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Snowflake Design Because in Architecture the Answer is Usually "It Depends"

Its is very typical for companies to have a set of common components. These are typically in one or more assemblies and shared by more than one system.In this post, I'll walk you through my through process on how I  divide out projects and enable sharing of these common components between different project roots.

In a previous post I mentioned how I typically structure my source code repository no matter whether I use TFS/Subversion/etc. The structure is really about being able to check out everything you need to build the project, including dependencies to dlls, build scripts, build tools, etc. At the very top of the structure is what I labeled as <Root>. Underneath this root are different folders where you can place different branches (Depending on your needs, but that's a future post) with the Main folder being synonymous to the trunk.
 
This <Root> typically is a system but could be an application. The way I see it, your repository structure can be affected by how you're going to deploy your code, meaning what gets deployed at the same time. So if you have a web application made up of multiple projects all shipped at the same time, I would setup the project as:
 
<Root>
  - Main
     - Source
        - Code
           - ProjectX
           - ProjectY
 
This makes sure that when you branch you take all projects along with you that you deploy, ensuring that your branch reflects what you have deployed. So given this, lets say you have multiple roots (whether they represent applications or systems is up to you) and a suite of common components that both roots need to share. What do you do? Put all three under one <Root> so that you can do project references?? Like so:
 
<RootA>
  - Main
     - Source
        - Code
           - ProjectX
           - ProjectY
           - ProjectS
           - ProjectT
           - CommonX
           - CommonY

 

I do not like this since it means that you'd be branching all three things at the same time even if you don't release all three at the same time, making for branches that do not match what you have deployed. Here's how I tend to do it:
 
<RootA>
  - Main
     - Source
        - Code
           - ProjectX
           - ProjectY
        - SharedBinaries
           - Common
                 CommonX.dll
                 CommonX.pdb
                 CommonY.dll
                 CommonY.pdb
 
<RootB>
  - Main
     - Source
        - Code
           - ProjectS
           - ProjectT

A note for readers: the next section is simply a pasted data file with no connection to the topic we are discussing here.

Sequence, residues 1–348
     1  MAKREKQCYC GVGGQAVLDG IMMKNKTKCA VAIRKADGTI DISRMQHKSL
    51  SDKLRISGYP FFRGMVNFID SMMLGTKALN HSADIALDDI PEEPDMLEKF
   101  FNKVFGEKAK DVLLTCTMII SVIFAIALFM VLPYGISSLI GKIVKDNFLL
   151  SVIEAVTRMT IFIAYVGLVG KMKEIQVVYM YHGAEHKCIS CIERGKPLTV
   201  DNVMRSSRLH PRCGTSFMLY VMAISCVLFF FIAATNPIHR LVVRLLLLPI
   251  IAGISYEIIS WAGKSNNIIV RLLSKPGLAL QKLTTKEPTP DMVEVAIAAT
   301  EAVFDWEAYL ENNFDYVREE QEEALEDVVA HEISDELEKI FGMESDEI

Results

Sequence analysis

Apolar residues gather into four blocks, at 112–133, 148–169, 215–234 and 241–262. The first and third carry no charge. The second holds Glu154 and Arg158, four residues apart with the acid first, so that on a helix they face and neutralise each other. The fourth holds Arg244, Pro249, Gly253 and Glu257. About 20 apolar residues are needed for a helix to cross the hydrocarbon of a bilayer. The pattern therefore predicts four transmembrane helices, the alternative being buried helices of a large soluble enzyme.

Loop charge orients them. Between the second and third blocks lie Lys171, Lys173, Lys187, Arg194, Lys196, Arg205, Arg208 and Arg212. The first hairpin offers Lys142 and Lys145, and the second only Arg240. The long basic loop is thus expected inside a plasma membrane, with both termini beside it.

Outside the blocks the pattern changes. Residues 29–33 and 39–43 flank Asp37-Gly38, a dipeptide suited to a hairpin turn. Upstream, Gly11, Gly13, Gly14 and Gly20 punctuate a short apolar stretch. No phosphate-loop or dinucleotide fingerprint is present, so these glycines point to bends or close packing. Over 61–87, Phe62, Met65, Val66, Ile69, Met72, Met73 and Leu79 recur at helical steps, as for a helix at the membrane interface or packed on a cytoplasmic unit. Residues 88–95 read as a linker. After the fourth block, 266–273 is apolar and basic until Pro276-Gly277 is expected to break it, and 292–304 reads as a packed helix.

- SharedBinaries
           - Common
                 CommonX.dll
                 CommonX.pdb
                 CommonY.dll
                 CommonY.pdb
 
<CommonComponentsRoot>
  - Main
     - Source
        - Code
           - CommonX
           - CommonY
 

Notice how in the above structure, RootA and RootB use CommonX.dll and CommonY.dll and do not use project references. What this means is that you have a binary refence to these assemblies instead of project references. This does complicate things since it means that somehow these assemblies need to get copied over to these projects. I typically have the continuous integration build deploy the assemblies to projects that need them. This means that after a successful build of Common then RootA and RootB will have their continuous integration build kickoff since they got a drop of the new common assembiles. If you have good test coverage, the likelyhood of knowing if any of these changes to common broke either RootA/RootB should be increased and hopefully lets you know that you've made breaking changes. If you have made breaking changes and aren't ready to compensate for those in either RootA/RootB, you can stop the Common continous integration build from dropping new versions of the dlls into the SharedBinaries folder and rollback to the previous version of the Common dll in question. Once you've made the changes needed to support the new version of common, you can turn the droppping of new dlls back on.

One other thing to note is that I show also dropping the pdbs in the SharedBinaries folder. This will enable you to step through the Common libraries source code from RootA/RootB even if you CommonX.dll or CommonY.dll are release builds. The only drawback is that you have to open the source file for the common components you want to put a breakpoint on using File | Open instead of being able to use Solution Explorer...

Hope this helps...

Posted on Wednesday, December 23, 2009 10:38 PM | Back to top

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